Measles is a highly infectious virus. The vaccine has a >95% efficacy and persons 6 years of age should have received 2 doses. Persons born in or after 1970 may receive only one dose.
Clinically the features are fever of > 38.3, irritability/ill appearing, conjunctivitis, coryza, cough and a macular papular rash that starts on the face and then extends caudally and towards the extremities. Koplick spots on the inside lateral aspects of the mouth can be pathognomonic but may not be present. Acute encephalitis may occur in 1/1000 children. Patients with incomplete immunity may have atypical symptoms.
Incubation period 7-21 days. Travel history should be obtained as outbreaks occur sporadically due to suboptimal vaccine coverage (<95%) in some areas of the world and in Canada.
Cases of suspected measles should be reported to local public health officials.
Diagnostic laboratory testing includes both measles virus detection by PCR (nasopharyngeal/throat swab and urine) and diagnostic serology.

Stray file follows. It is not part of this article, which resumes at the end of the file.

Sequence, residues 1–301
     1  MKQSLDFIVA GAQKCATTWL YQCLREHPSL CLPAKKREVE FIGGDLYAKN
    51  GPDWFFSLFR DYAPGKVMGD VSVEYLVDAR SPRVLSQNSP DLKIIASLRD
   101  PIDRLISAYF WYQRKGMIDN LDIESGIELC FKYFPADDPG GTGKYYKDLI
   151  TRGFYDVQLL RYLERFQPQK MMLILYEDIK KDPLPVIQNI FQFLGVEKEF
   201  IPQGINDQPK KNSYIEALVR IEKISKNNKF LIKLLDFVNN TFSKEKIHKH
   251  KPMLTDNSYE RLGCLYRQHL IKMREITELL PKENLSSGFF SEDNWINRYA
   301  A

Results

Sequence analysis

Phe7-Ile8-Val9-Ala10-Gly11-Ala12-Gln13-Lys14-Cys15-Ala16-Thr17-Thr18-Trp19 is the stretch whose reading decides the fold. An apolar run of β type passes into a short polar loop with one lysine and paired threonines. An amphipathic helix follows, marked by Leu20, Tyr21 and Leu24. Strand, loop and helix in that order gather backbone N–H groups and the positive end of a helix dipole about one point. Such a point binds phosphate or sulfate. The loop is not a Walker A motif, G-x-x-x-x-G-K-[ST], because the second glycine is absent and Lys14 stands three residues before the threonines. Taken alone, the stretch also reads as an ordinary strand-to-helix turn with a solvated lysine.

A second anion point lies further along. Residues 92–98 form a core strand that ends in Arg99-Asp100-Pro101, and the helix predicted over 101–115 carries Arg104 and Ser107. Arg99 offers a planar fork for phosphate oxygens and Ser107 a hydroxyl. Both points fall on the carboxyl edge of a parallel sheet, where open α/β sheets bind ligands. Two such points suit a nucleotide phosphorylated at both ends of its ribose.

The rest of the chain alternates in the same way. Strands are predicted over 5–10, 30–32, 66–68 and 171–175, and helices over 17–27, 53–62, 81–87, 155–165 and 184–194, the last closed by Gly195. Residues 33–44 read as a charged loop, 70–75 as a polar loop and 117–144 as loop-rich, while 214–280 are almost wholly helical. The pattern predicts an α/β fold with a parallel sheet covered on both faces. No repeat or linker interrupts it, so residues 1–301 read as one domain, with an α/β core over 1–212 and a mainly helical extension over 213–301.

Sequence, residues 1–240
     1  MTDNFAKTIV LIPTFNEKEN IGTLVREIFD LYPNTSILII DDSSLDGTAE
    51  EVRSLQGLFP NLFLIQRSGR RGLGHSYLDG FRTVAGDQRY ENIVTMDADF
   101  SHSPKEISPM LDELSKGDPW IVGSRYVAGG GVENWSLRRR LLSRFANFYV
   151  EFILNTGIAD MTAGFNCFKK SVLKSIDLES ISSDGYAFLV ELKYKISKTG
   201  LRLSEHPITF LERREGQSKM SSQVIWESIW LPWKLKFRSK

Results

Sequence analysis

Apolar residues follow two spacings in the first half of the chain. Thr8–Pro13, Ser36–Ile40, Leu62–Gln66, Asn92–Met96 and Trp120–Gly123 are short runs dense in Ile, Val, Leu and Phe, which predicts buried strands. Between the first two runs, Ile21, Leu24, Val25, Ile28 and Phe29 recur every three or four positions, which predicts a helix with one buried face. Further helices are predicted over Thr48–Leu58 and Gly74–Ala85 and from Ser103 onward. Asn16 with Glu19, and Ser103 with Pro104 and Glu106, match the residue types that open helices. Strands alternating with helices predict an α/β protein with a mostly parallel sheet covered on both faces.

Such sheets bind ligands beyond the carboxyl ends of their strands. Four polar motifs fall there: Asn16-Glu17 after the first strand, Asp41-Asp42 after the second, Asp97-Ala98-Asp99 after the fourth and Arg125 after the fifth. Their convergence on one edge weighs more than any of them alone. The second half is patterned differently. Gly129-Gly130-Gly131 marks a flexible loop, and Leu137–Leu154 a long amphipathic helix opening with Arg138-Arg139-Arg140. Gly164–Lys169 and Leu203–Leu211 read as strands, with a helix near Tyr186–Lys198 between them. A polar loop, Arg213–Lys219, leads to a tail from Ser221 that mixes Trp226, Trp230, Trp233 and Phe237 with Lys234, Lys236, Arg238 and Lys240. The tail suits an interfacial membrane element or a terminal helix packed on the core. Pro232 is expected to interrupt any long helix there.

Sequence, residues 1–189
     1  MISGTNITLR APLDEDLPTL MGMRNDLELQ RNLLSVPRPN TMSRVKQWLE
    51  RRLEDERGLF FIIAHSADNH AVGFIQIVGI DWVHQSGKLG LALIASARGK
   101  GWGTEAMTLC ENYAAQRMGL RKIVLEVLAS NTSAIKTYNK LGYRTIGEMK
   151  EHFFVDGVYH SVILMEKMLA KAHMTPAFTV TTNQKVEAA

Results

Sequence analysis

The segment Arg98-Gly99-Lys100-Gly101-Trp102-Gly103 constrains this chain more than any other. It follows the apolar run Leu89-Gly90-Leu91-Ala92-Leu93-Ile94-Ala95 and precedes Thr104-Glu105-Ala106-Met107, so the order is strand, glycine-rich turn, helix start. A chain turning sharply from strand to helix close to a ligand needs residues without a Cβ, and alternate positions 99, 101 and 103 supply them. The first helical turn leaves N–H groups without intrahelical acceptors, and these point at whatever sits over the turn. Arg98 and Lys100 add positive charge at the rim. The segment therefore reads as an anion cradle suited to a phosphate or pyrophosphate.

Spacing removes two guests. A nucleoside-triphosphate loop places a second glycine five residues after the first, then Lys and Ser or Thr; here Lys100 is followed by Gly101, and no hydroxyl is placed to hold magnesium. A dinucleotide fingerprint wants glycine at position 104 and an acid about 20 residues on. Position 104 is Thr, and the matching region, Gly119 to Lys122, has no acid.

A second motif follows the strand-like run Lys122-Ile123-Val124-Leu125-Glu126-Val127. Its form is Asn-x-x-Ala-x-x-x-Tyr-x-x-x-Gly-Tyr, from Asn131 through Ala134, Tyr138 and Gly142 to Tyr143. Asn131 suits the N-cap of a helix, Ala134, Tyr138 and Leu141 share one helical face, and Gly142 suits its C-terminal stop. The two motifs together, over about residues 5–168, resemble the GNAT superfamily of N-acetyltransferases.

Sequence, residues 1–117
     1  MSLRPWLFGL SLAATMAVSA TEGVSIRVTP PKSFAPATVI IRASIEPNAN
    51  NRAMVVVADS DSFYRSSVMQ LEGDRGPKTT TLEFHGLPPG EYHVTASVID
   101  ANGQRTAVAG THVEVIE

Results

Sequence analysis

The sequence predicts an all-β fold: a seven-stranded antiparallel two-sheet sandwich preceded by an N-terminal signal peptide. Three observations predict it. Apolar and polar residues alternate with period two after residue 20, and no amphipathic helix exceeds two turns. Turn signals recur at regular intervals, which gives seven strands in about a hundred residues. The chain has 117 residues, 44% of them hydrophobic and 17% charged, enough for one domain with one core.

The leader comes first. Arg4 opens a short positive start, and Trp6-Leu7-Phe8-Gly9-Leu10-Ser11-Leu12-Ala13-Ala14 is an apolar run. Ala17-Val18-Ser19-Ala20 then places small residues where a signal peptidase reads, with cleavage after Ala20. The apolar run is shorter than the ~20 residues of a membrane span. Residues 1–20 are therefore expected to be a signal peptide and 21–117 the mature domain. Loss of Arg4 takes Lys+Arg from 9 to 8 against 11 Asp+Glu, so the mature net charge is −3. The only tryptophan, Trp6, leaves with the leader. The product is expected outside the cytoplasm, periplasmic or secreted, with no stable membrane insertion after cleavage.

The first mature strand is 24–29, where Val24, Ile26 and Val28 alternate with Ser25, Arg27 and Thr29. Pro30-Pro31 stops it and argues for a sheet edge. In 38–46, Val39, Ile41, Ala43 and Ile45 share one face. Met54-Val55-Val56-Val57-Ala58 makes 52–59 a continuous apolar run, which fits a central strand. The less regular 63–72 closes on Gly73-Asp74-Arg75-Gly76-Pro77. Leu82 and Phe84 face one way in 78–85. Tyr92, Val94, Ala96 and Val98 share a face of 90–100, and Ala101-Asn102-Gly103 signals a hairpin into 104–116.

Public Health tools for diagnosis and reporting: Please see section Additonal Information to access PHO link
Photos of measles infection are available here
Outbreaks of measles occur sporadically in areas where measles vaccine coverage for the population is <95%.
Measles exposure in a susceptible contact: Airborne precautions beginning 5 days after first exposure through 21 days after last exposure.
Confirmed measles: Maintain precautions until 4 days after onset of rash (duration of illness in immunocompromised patients).
Neonates born to mothers with measles at delivery: Airborne Precautions.
Only immune personnel and caretakers should enter the room. Immunoprophylaxis may be indicated for susceptible contacts.
Requirement for submission of specimens to PHO are available here